A string of new prosecutions highlight how organized crime is targeting the nonunion builders of tens of millions of dollars in projects.
The Housing Authority seeks city funds to remedy hundreds of violations for faulty brickwork, but the Office of Management and Budget says budget rules prevent it.
The case against Odessa Safety comes after undercover agents reported they exchanged cash for documents that falsely certified they received 40 hours of required safety training.
Brooklyn DA Eric Gonzalez, who prosecuted the case, said the construction collapse that killed Luis Sánchez was a preventable tragedy.
Five prefabricated bathrooms will offer relief in one park in each borough — after a painful wait for a company coping with city bureaucracy.
Fatalities rise again, following a dip during the COVID construction pause.
New York City requires 40 hours of OSHA-certified training for workers on building and demolition jobs. The few free classes available are now overwhelmed.
Permits for more than 58,000 apartments show rush to secure lucrative 421-a benefit ahead of state law’s June expiration.
Neither side is saying what’s behind the dispute, but Make The Road NY has asked a court to toss the debt claim. Meanwhile, the Department of Buildings says the contractor didn’t properly insure workers.
These three sectors explain why NYC just can’t get its groove back.
Renovation of an Upper West Side apartment building is the cause of disputes between longtime residents and new ownership.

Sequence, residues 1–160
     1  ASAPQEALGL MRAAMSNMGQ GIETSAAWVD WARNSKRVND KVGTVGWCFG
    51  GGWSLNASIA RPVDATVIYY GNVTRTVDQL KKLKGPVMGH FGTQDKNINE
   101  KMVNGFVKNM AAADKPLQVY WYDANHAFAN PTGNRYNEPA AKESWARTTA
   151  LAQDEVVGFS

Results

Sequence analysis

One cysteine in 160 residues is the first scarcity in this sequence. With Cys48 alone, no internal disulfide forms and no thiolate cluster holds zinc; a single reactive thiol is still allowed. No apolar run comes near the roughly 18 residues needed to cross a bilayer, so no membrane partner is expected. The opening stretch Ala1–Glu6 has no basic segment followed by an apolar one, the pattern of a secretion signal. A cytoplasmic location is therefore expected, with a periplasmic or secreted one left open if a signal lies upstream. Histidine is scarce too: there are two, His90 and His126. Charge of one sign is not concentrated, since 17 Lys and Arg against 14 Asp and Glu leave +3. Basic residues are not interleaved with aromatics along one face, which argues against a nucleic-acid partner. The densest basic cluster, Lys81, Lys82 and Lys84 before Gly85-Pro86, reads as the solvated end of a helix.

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The office asserts the system is broken and City Hall can help more, as it follows a century-old legal precedent and rejects payout requests for flood damage.
Prosecutors allege that the scaffolding at 243 Fourth Avenue had been left unfastened for days, leading it to blow off and severely injure 32-year-old Haley Keating.
In 2019, now mayoral Chief of Staff Frank Carone stepped in as fixer for a project with a trail of shaky safety practices, after a 32-year-old woman suffered life-altering brain injuries.
The second annual report card for 20,000 structures — from pre-war apartment complexes to skyscrapers — showed modest improvements. But the most popular mark was again “D,” even as the pandemic skewed power usage.
The latest employment numbers are 25,000 below the city’s pre-coronavirus peak. With uncertainty over everything from the next mayor to Gov. Cuomo’s political fate, the industry is betting nearly all on President Biden’s $1 trillion infrastructure push.
Parts of the Upper East Side, Upper West Side, SoHo and the West Village saw net drops in residential apartments in the past decade, a new report from the Department of City Planning found.
Diana Florence, who left the District Attorney’s office in January following allegations she withheld evidence, becomes the seventh candidate to join the contest.
Crews return to controversial Upper West Side site as developers say wind threatens the unfinished building and officials OK “emergency work.”
Permitted “essential” projects — including hotels, a Queens Target and apartment renovations — go on despite Gov. Cuomo’s March order to limit work.
Construction workers decide between a paycheck and exposure to illness as developers weigh liability concerns for anyone who gets sick on the job.